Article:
Monday, March 26, 2012

Just a Morning Conversation

Over eggs and potatoes, at our favorite monthly breakfast hangout, my friend N. and I talking, me telling her about the trouble with planning this Idaho trip.  Me saying what I've been saying, something about making sure my kids get to hang out with my folks, getting to know my mom especially before she dies.  And how that makes it hard to plan a fun vacation and I haven't been able to figure out what to do, how to book it, how long to stay.

"Listen," she finally says.  "You are terrified--the little girl inside of you is terrified--of your mom dying."

Screeeeech.  Wut.  That feeling where the world stops because you've just heard something really important, that's really, really true and at the core of your being but that you didn't know was there.  Like somebody seeing you for the first time.  And it's almost like you can't hear it because it cracked your brain open and your heart open a little.

"But there's nothing you can do about that.  You are going to lose her some day.  I will lose you someday.  We're all headed there.  But you're not doing anybody any favors to think like that.  You're not doing her any favors.  You can't prepare for it, you don't know how it will be.  So you have to let that go."

I'm not quoting her right.  She also said something about me being love, her being love, and N., maybe you'll email me and let me know and I can fix this post.  There were some things about courage too, mine and my mom's.

But the important thing is that I needed someone to point out to me how scared I am of losing my mom again.  "You're going to lose her again, probably again and again," said N.  Death to the old, rebirth of the new.

Yes, that's it.  And by talking about losing my mom as if I get to choose when it will happen, and to plan trips around that, is about me thinking I can somehow prepare myself for the pain of it.  But my heart knows there's no wisdom down that path and it short circuits my brain.

When things get to misfiring above and below I should remember that's a sign that I'm trying to control things that won't be controlled.

My mom would be mortified to know I've been thinking this way.  I'm mortified to know I've been thinking this way.  It's morbid, this mortifying mortification.  De mort.  But the pain of her breakdown last time was so great.  I felt like I was being torn in two.  Set adrift.  Unmoored, untethered, unchained, unattached, alone.  And I think I'm worried I won't survive the next one if it's the same.  I think that's what it is.  But who knows if there will be a next time, or what it will be like, or when?  And who am I to say who gets to survive what?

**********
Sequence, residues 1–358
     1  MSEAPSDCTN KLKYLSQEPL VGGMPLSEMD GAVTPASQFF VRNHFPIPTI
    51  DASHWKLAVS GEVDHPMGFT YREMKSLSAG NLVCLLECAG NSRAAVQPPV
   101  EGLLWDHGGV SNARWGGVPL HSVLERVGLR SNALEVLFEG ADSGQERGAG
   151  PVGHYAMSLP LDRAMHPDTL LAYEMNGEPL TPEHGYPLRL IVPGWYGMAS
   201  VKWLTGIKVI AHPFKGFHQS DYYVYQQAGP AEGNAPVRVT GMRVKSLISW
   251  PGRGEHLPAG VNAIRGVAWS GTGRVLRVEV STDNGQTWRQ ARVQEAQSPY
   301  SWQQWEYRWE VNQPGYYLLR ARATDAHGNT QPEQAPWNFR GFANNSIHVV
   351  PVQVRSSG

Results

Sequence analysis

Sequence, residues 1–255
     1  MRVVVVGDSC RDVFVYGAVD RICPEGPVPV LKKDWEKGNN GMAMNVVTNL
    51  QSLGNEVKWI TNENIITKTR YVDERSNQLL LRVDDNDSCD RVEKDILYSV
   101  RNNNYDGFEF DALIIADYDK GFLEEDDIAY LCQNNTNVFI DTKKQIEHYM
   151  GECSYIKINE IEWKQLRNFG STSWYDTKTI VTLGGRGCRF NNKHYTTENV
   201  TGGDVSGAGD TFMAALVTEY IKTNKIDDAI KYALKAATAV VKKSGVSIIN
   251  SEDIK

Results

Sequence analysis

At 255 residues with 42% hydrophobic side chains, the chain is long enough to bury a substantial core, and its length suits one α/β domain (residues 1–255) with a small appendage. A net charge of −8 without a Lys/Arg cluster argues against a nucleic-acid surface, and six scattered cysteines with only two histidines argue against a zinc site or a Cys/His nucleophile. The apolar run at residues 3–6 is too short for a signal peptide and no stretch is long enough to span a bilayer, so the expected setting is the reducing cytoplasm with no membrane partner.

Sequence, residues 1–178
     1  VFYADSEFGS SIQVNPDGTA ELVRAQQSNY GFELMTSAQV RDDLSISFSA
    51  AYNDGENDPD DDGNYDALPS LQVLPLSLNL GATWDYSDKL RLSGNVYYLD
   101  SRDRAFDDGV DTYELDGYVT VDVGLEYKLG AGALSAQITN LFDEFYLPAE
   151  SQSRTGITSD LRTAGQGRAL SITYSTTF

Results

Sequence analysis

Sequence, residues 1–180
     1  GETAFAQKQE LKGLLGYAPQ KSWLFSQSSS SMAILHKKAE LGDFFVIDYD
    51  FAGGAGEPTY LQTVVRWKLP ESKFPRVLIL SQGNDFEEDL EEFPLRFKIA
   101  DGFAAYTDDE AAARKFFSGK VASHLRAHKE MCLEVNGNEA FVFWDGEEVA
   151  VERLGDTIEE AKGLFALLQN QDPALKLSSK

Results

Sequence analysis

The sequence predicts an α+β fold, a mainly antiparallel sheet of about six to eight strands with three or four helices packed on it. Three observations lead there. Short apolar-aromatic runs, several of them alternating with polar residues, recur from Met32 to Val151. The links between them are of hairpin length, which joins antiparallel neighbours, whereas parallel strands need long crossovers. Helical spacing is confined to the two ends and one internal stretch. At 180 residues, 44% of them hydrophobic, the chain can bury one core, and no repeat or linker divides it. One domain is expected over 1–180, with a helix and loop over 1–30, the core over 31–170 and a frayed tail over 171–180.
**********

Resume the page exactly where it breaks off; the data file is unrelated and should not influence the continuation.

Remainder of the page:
Apparently I have some (mis)perceptions of my own courage.

Also, none of the whole scheduling of life and death is up to me.

It can't be planned.

So then I went home from breakfast and planned a proper vacation with time at the lake and on the river and in the woods and with family.  Because life is for celebrating, and because there's only one kind of reservation I really get to make.

Tuesday, March 20, 2012

Getting Quiet

As I've been getting quiet more and more each day with the mindfulness and the meditation and the staying, I find my mom fills my thoughts more.  I'm thinking about how sad she is, how negative she feels about her life, how her pain affects her.  I notice my urges to change these things for her, and also acknolwedge that I can't, and try to feel my way through to love for her.  When I am quiet and totally in tune with what love feels like, I find that my desire to control or change her just feels like interference, so it's easy to identify.  I don't know if I'll be able to maintain the distinction in her actual presence.  That will be interesting to watch, to figure out if I can stay in love.

There are memories that are coming back, too.  I fear all the time that my memories are gone from me almost as soon as I have them because that just seems to be how my brain works, but as I'm getting quieter some are coming back.  This might suggest that the speed with which I live my life affects my ability to form good attachments and memories.  I don't know yet.

But I was falling asleep the other night and a memory of my mother pulling her panty hose on came to me, me watching her in her bedroom and admiring the concavity of her belly, her telling me how she always sucked her stomach in because it kept those muscles strong.  I sit up straighter just remembering it, before my normal slouch takes back over, a long-ingrained act of defiance.  This thing with the belly is one of the few bits of womanly advice I remember her passing on to me; I don't remember talks about tampons or deodorants or desire.  Mostly she just let me go and certainly I would have resisted anything she had to say anyway, so there we were, opposing forces pushing each other apart, even then.

I first grieve that she let me go so easily, and also think it has made me who I am, and am grateful.

I think of pictures of her, tall and thin, and the whispers in the family, jealous or true, that she didn't eat enough, was maybe anorexic.

That seems possible, or maybe she was very healthy and they weren't, and her not eating cream milkshakes and beef for every meal seemed aberrant to them.  How dare she do things differently.  Who does she think she is.  I think it makes sense that my mom would tightly control her eating the way she tightly controlled her environment because of the way her growing up must have seemed so out of control, the way she was left with strangers when she was just five while my grandmother did I don't know what.  The move from New York to Idaho when my grandmother picked her back up one day.  The marriage to my gruff and difficult German step-grandfather.  The sometimes-insanity of my grandmother, who required her own set of strictures be followed after-the-chaos of the early years.

I think it makes sense that I would do some of the same things, that I am a controller, too.

I cry on and off throughout the days, at odd times, for and about my mother, and for myself, who also lost a mother for a little while at a young age, though I don't remember it, and who feels as if I have lost her again to her illness.  I try not to wipe the tears away so fast but to feel them, let them soak in a little, so that I can know I will survive them just fine and that they might have something to teach me.  I try not to bolt from them.  I remember too, that I am not that little girl anymore, and that my mother is not lost, but changed, as all things change.